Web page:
About Catherine Sargent
Catherine Sargent was born in Gloucester in 1774, daughter of Epes and Dorcas (Babson) Sargent. She became active in the abolition movement along with her sister Henrietta, and they both became friends of William Lloyd Garrison and his family. She never married and died in her hometown in 1852 at age seventy-eight.1
Garrison wrote in her obituary for the Liberator:
- "the cause of the stricken slave, and of all identified with him by complexion, has lost one of its truest and best friends. Her sympathies were constantly affected, and her charities actively exercised, in behalf of the poor, the outcast, and the oppressed, without regard to color or race."2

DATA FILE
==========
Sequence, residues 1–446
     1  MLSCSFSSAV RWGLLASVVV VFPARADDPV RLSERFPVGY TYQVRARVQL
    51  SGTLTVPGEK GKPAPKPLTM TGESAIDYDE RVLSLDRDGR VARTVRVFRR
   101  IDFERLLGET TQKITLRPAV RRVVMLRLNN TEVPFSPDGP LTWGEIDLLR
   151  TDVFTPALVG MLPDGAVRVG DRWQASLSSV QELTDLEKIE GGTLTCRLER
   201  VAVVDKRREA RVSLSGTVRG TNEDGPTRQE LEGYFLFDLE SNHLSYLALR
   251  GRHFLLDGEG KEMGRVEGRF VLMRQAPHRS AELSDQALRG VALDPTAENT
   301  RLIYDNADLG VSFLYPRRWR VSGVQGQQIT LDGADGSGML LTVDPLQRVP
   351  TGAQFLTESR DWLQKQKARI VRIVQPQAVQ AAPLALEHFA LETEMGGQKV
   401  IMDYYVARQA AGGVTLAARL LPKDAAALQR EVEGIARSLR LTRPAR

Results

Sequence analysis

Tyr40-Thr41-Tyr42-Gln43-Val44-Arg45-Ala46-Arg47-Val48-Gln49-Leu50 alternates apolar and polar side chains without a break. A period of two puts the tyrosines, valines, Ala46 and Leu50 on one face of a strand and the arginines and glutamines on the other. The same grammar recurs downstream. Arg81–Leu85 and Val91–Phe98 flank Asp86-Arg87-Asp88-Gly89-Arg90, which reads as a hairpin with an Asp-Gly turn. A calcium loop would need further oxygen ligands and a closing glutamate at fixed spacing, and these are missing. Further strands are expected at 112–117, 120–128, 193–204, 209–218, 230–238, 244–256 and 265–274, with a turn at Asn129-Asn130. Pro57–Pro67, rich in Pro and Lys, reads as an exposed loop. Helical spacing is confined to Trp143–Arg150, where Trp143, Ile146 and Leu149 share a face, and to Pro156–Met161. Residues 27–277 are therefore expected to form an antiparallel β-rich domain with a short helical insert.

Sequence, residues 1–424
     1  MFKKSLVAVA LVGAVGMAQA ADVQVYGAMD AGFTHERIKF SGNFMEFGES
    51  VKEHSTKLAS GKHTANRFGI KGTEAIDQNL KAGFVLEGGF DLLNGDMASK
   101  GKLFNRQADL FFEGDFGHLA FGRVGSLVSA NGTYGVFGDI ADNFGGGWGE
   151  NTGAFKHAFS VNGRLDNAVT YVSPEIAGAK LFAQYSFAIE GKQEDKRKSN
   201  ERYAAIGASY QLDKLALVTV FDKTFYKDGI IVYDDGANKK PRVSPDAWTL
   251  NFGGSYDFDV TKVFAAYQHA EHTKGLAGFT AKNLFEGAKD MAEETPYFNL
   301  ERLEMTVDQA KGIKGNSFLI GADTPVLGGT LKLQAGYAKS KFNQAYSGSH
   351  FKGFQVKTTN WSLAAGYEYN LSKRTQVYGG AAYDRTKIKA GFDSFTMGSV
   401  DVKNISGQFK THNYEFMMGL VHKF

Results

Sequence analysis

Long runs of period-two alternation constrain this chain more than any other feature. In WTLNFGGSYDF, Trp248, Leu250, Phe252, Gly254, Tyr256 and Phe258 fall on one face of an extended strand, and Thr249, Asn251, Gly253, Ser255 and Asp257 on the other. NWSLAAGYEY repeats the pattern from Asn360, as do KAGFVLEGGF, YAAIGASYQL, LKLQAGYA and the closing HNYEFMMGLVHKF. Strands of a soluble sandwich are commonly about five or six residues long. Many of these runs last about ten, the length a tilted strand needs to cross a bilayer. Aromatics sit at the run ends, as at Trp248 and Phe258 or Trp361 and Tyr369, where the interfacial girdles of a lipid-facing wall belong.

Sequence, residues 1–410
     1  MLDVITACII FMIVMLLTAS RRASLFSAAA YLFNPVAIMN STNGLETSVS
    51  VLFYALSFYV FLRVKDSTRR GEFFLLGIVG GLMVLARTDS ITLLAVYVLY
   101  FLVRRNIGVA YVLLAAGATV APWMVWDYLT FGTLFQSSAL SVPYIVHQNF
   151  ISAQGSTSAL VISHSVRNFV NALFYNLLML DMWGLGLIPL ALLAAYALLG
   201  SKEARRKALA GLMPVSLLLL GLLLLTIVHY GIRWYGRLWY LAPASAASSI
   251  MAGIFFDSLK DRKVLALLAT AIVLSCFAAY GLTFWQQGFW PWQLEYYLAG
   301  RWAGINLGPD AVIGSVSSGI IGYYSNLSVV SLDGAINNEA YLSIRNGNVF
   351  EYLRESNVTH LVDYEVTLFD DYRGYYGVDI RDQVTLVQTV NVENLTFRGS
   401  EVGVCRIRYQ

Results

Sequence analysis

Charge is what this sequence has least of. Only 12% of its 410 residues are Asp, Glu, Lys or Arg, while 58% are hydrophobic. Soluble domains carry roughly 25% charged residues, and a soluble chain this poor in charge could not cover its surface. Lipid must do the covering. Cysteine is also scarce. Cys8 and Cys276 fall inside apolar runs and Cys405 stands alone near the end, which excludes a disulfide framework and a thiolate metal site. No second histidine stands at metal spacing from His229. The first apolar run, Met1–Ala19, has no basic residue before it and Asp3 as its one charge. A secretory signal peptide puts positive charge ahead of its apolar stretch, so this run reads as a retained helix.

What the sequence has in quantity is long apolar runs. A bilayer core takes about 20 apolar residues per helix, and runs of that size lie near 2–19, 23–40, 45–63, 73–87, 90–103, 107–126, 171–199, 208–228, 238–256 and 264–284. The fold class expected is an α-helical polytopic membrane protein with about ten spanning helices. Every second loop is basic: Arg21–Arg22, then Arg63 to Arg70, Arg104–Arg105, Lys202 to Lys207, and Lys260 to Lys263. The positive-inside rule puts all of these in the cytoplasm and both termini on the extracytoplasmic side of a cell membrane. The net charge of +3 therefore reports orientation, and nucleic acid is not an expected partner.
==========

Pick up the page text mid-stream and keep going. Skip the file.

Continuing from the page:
Portrayed in her late sixties, Catherine Sargent sits squarely before the viewer, a sober and dignified woman of the mid-nineteenth century. The treatment of the sitter is highly individualized according to the well-known American desire for a truthful likeness, although Negus's realism is extreme compared to most other painters of her day. Careful attention is paid to the sitter's elaborate white lace day-cap and collar which contrast dramatically with the dark color of her plain dress and the simple stippled background.
- Emma Worcester Sargent and Charles Sprague Sargent. Epes Sargent of Gloucester and His Descendants. Boston, 1923, p.12.
- The Letters of William Lloyd Garrison. Louis Ruchames, ed. 6 vols. Cambridge, Mass., 1971, 4:210n-211n.